Antiques Week in Philadelphia

Editorial Staff Exhibitions

Philadelphia hosts two important antiques shows in mid-April, and free shuttle service between them makes it easy to see everything on offer. The Twenty-third Street Armory Antiques Show, now in its sixteenth year, opens on Friday April 16 and features more than forty dealers showcasing eighteenth- through twentieth-century American and European fine, folk, and decorative arts. A special exhibition entitled Patriotism: Red, White, and True, drawn from the private collections of exhibiting  dealers, will include nineteenth- and twentieth-century objects displaying patriotic symbols.

The gala preview party for the Philadelphia Antiques Show also occurs on April 16. The show itself, celebrating its forty-ninth anniversary this year, runs from April 17 through April 20 at the Philadelphia Navy Yard. It includes fifty dealers, primarily from the Middle Atlantic and New England states, who consistently offer a wide range of formal and folk paintings and decorative arts of the highest quality. The loan show, A Call to Arms: Chinese Export Porcelain for the British and American Market 1700–1850, will showcase custom-ordered Chinese export porcelain decorated with coats of arms for eighteenth- and nineteenth-century British and American consumers.

A major fundraiser for Penn Medicine, the University of Pennsylvania health system, the Philadelphia Antiques Show sponsors a number of events for collectors, such as guided tours before the show opens each morning, lectures, and, new this year, “World Collectors Night,” when dealers will offer participants special “found items” carefully selected for those who are inspired by their world travels to seek original creations and other distinctive pieces.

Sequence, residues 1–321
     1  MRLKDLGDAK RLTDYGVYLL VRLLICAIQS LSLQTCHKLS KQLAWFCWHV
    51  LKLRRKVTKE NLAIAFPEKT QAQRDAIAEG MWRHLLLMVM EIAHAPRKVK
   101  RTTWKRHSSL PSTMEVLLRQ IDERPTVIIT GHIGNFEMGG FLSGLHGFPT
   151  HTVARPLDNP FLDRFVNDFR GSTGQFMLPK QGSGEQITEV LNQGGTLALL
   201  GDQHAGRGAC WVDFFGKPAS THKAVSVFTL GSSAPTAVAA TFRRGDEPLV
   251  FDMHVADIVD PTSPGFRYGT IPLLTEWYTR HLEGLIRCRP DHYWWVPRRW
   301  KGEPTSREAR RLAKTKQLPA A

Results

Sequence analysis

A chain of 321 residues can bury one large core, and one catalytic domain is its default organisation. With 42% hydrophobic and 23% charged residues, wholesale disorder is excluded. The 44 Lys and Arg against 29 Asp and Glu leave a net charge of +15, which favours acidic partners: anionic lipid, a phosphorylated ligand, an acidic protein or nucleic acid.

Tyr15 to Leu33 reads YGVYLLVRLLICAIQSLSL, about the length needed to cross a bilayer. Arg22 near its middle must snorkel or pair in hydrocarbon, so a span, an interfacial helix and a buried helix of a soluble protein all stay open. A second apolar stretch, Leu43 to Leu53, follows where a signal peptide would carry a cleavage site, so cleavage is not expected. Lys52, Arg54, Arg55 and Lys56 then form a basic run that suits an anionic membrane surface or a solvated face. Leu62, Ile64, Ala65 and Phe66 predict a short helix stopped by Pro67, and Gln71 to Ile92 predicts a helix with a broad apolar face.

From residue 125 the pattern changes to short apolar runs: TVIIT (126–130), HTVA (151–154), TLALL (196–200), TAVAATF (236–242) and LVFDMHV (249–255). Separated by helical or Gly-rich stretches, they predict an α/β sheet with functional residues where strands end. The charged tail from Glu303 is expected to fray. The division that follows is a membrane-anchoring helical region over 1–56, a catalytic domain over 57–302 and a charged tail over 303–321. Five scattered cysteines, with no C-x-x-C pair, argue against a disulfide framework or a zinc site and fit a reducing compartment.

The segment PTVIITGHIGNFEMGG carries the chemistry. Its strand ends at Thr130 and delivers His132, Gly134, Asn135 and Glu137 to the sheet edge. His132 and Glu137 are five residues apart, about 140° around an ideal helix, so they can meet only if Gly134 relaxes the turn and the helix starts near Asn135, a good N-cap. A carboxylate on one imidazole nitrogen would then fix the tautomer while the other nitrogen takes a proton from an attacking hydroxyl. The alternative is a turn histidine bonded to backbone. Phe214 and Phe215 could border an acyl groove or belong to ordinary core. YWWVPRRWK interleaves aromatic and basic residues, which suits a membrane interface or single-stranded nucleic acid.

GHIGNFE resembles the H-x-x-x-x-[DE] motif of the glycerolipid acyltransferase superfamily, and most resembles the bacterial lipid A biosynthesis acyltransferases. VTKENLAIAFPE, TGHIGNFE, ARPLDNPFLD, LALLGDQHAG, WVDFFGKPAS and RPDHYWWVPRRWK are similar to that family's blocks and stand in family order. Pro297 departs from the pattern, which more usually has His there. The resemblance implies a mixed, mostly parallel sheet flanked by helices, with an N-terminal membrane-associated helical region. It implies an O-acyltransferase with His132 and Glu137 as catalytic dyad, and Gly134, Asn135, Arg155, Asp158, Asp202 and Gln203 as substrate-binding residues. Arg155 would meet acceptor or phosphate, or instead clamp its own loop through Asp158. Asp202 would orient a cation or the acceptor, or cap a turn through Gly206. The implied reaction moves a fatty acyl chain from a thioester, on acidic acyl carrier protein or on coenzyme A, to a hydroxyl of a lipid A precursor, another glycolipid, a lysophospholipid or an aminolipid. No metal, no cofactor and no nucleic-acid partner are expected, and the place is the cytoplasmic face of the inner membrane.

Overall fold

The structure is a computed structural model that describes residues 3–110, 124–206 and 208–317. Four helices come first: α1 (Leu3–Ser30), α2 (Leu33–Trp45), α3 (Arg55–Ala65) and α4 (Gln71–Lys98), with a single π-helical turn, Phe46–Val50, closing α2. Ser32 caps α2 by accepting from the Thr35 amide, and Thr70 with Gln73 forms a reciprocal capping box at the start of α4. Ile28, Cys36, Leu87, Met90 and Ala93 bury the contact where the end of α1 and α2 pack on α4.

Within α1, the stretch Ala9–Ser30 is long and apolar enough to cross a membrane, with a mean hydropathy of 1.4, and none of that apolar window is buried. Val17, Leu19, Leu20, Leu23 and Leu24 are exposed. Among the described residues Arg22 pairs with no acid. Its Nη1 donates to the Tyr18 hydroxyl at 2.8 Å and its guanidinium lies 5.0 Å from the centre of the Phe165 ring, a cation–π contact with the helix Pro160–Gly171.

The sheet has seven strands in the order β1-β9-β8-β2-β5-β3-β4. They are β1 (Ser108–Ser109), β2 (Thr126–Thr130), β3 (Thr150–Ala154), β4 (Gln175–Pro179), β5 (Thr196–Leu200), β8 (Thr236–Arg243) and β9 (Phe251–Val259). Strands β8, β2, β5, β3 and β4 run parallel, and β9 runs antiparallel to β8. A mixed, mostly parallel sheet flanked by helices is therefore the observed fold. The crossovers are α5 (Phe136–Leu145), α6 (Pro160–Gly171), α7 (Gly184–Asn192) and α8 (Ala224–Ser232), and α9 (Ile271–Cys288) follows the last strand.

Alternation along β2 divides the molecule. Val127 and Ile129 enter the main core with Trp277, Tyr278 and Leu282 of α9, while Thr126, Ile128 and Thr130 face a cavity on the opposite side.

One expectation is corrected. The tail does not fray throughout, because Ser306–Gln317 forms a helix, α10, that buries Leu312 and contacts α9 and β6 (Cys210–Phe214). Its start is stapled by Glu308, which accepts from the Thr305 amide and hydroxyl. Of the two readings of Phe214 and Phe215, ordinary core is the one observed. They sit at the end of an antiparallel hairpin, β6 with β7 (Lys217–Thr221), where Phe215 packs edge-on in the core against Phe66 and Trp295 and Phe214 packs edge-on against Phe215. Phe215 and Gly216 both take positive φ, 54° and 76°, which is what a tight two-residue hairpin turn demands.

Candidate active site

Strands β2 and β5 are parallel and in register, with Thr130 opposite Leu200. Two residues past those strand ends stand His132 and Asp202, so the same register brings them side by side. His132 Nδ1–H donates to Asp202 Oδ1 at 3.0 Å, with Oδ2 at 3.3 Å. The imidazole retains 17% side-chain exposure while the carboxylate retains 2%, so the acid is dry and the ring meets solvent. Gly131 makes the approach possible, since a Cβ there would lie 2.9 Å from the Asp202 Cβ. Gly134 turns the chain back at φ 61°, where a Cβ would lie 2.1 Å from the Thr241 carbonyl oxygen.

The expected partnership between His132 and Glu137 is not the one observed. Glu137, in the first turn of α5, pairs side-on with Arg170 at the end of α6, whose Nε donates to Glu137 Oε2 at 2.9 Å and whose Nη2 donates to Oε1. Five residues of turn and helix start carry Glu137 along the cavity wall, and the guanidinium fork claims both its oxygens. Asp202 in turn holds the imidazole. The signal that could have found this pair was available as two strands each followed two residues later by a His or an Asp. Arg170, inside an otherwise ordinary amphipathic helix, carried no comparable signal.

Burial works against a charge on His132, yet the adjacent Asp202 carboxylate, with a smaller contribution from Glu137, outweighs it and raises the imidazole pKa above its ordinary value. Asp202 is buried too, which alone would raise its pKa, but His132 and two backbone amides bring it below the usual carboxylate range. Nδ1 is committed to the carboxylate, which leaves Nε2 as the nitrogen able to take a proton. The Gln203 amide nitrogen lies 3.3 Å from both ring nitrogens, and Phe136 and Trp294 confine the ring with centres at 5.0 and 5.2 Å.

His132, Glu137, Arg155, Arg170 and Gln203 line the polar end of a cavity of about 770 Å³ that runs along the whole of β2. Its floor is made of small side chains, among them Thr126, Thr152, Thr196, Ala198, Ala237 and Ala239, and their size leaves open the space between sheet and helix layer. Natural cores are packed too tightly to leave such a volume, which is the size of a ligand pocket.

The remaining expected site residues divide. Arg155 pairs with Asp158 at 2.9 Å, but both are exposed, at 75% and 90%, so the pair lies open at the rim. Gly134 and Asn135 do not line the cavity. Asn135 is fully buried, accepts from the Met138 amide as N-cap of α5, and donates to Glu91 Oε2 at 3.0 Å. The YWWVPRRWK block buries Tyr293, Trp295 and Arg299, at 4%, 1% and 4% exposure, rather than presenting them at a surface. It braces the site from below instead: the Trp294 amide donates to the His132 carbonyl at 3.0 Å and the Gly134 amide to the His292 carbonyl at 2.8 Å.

Visitors to Philadelphia for the antiques shows will also want to see a new focus exhibition at the Philadelphia Museum of Art. Entitled Art in Revolutionary Philadelphia, this installation in the Samuel Powel Parlor will tell the story played by art and other decorative objects in the city when it was occupied by British troops in 1777 and 1778. Curated by Alexandra Alevizatos Kirtley at the museum with guest curator Katherine Reider, the show will re-envision the parlor as the place where the British occupiers entertained themselves, and will explore the various layers of meaning objects took on during this tumultuous time.

Twenty-third Street Armory Antiques Show, Philadelphia · April 16–18 ·

Philadelphia Antiques Show, Phila­delphia Navy Yard · April 17–20 ·

Art in Revolutionary Philadelphia · Philadelphia Museum of Art · April 16 to February 2011 ·

Photos: High chest of drawers carved by Nicholas Bernard and Martin Jugiez (w. together 1762–1783), Philadelphia, 1765–1775. Mahogany, yellow poplar, white cedar, yellow pine; height 96 ¾, width 46 ½, depth 25 ¾ inches. An inscription suggests that the high chest was seized from a Loyalist so ld. Philadelphia Museum of Art, gift of Mrs. Henry V. Greenough.

Saucer with the arms of Tower, Chinese export, c. 1728. Porcelain, diameter 6 ½ inches. The Reeves Center, Washington and Lee University, Lexington, Virginia.